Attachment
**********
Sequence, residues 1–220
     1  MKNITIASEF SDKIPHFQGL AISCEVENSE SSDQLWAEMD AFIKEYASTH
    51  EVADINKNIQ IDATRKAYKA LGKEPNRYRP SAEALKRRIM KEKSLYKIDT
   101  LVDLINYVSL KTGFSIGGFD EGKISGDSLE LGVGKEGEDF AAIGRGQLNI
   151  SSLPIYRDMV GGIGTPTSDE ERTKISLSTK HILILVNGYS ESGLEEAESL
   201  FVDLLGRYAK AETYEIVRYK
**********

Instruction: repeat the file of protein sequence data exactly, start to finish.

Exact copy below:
Sequence, residues 1–220
     1  MKNITIASEF SDKIPHFQGL AISCEVENSE SSDQLWAEMD AFIKEYASTH
    51  EVADINKNIQ IDATRKAYKA LGKEPNRYRP SAEALKRRIM KEKSLYKIDT
   101  LVDLINYVSL KTGFSIGGFD EGKISGDSLE LGVGKEGEDF AAIGRGQLNI
   151  SSLPIYRDMV GGIGTPTSDE ERTKISLSTK HILILVNGYS ESGLEEAESL
   201  FVDLLGRYAK AETYEIVRYK